Flesh by Tilly Black

Alison ...... Samantha Bond
Peter ...... David Calder
Jess ...... Daniela Denby-Ashe
Simon Channing ...... Nathaniel Parker
Wendy ...... Rebecca Smart
Emily ...... Charlotte Ellis

Directed by Sara Davies.
Five parts. Total running time approximately 75 minutes.

Alison is successful and well-respected journalist who takes on an assignment to write a feature about the cosmetic surgery industry. In the beginning of this play to her that business is a backlash at women’s empowerment. She approaches the whole subject with keen denial and scepticism, but her daughter’s news that she’s about to finally marry at 33 make her realize that she’s getting older. She starts looking in the mirror far too often. What stares back at her doesn’t meet her perception of her still juvenile self. She envies her daughter’s youth, her job as well as her happiness with Richard. Alison fights each and every of Jess’ decisions and successes. 

During an interview with leading cosmetic surgeon Simon Channing she’s all too vulnerable and lets herself being persuaded into a minor cosmetic procedure. The results are enough to make her start questioning a lot about her life. As a woman our heroine is anxious about the inevitable signs of ageing. Yet another surprise announcement by her daughter makes her even more vulnerable as she decides to re-visit Simon - she’s about to become a grandmother. The promise of eternal youth catches as Alison gives in to a major plastic surgery. A big decision, but things go wrong and her husband and daughter are horrified at the change in her.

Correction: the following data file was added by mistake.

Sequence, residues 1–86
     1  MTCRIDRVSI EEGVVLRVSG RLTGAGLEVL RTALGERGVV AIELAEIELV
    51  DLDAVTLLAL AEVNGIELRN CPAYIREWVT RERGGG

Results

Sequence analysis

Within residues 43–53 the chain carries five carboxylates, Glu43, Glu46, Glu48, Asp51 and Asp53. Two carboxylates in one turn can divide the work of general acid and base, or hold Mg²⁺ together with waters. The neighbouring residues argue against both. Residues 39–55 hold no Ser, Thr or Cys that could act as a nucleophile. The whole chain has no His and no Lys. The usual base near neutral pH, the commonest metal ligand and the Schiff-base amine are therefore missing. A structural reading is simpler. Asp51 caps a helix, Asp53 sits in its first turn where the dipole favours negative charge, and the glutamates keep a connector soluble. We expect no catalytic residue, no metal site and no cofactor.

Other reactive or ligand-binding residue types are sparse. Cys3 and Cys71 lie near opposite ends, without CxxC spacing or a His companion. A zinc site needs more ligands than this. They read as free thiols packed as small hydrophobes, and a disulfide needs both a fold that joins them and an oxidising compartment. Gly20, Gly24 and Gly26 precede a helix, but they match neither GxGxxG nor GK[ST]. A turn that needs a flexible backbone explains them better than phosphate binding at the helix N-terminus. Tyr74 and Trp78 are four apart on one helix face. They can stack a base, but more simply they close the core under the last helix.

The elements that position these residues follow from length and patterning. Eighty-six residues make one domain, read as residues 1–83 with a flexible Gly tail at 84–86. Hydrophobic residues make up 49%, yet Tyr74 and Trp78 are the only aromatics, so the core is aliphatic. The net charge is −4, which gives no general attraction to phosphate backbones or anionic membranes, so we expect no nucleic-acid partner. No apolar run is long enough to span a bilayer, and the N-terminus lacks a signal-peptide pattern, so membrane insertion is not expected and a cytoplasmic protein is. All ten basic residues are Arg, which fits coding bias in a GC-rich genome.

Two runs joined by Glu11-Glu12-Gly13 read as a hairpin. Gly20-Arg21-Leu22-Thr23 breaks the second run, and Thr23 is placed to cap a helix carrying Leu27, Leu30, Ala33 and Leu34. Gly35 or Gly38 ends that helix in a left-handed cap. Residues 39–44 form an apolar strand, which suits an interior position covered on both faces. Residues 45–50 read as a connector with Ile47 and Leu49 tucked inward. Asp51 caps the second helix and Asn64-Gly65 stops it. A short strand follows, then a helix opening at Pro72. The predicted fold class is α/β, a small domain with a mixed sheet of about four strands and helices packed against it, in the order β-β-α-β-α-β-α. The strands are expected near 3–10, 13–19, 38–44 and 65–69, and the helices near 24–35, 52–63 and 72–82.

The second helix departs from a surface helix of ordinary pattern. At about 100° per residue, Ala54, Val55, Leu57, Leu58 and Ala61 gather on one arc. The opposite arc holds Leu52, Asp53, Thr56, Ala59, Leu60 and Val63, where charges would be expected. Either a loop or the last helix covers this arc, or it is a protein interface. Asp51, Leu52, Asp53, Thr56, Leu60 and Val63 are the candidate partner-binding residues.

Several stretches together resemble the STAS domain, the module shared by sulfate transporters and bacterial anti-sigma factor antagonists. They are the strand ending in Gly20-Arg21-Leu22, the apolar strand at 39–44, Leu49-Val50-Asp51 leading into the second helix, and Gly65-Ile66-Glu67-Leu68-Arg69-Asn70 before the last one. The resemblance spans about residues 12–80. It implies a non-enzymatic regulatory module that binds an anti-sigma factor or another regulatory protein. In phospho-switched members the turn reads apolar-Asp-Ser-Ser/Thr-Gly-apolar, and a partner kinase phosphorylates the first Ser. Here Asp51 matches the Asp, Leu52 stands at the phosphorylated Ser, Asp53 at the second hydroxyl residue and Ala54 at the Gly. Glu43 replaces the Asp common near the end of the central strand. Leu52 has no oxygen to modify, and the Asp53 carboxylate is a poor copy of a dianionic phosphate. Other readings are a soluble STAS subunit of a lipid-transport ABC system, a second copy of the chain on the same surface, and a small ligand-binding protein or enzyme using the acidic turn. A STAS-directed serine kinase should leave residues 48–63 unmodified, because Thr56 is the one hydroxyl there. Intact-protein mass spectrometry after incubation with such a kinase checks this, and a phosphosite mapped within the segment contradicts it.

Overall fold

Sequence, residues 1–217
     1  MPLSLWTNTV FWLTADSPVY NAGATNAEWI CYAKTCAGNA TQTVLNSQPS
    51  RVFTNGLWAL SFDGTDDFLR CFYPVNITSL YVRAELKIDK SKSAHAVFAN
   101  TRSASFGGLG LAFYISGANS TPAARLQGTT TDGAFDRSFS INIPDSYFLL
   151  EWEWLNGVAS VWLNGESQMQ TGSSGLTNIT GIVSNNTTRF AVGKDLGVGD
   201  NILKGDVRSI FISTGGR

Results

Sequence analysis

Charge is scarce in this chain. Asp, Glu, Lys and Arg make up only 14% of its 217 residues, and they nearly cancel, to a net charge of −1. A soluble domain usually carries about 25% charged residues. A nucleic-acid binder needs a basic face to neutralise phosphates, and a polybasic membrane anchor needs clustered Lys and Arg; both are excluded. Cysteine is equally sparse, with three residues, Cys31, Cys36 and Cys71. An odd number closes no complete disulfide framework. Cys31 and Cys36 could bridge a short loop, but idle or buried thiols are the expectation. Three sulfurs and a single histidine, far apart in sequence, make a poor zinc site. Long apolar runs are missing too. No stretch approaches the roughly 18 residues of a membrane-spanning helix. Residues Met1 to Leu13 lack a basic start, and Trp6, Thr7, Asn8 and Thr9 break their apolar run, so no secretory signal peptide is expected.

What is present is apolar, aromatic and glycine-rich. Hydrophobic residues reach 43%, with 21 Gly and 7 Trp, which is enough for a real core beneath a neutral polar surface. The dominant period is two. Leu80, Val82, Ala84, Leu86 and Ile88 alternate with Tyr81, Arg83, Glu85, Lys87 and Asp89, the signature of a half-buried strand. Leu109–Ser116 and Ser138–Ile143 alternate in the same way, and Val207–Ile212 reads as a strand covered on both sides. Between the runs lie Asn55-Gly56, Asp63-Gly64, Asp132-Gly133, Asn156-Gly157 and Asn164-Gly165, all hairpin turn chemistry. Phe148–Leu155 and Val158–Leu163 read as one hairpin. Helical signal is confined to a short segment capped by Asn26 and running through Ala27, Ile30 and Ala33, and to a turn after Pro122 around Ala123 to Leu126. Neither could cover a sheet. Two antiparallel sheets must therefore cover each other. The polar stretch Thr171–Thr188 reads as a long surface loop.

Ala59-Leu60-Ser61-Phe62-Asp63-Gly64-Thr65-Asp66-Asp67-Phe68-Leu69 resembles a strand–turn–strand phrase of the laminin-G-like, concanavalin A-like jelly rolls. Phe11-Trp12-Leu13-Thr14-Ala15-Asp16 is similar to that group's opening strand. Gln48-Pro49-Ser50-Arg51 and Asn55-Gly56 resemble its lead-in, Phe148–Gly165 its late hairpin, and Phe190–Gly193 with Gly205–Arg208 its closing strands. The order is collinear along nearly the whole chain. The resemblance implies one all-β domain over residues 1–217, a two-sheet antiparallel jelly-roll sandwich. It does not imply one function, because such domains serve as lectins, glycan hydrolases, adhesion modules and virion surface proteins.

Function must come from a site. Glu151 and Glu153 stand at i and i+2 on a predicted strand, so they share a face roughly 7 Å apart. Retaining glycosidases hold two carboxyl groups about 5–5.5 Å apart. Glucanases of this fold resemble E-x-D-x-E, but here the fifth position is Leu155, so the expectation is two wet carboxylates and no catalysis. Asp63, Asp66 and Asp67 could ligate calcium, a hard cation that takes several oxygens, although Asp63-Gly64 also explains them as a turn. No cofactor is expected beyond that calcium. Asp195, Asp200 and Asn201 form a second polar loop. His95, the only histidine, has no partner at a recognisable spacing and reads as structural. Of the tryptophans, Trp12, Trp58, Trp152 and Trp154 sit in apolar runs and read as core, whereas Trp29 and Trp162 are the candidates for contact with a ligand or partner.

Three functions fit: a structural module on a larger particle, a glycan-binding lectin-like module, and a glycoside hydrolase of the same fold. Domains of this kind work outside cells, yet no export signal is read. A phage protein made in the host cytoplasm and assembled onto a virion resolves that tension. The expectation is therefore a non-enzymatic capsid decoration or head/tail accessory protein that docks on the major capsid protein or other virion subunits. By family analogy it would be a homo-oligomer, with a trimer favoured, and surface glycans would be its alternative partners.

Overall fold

Alison moves out because she feels that her family doesn’t understand her actions. She also decides to have a PA to do her workouts and even a bit more than that... Her mid-life crisis is in fully swing as she tries to present her newly improved breasts and face (with one or two defects), walking around in high-heel shoes and tightly fitting clothes. Especially her daughter keeps away from her as she can’t bear to observe her own mother making a mere caricature out of herself and her former values and principles. Even as her baby is born, she refuses to let Alison see her girl. Alison’s illusions on her new life become shattered as she attends her daughter’s wedding - gate-crashingly because she wasn’t officially invited. During the wedding party Alison’s chasing after internal youth dissolves into enlightened laughter as she realizes that she’s been acting like a fool. She reconciles with her daughter. Not all’s forgotten, but in the end all will be well and she’s learned her lesson.

Review of Play
What a delight – a cleverly done spoof on ageing, on how the genders seemingly deal differently with it and how a fully stricken midlife-crisis can make formerly happy families go to bits and pieces (now for that matter, men usually act similarly stupid, but using other strategies). Typically as the whole case sounds, it’s the woman who gets caught up in the illusion that she’s ageless and needs to be ever beautiful and radiant with eternal sex appeal while quite contrary her hubby seems detached with his own signs of age.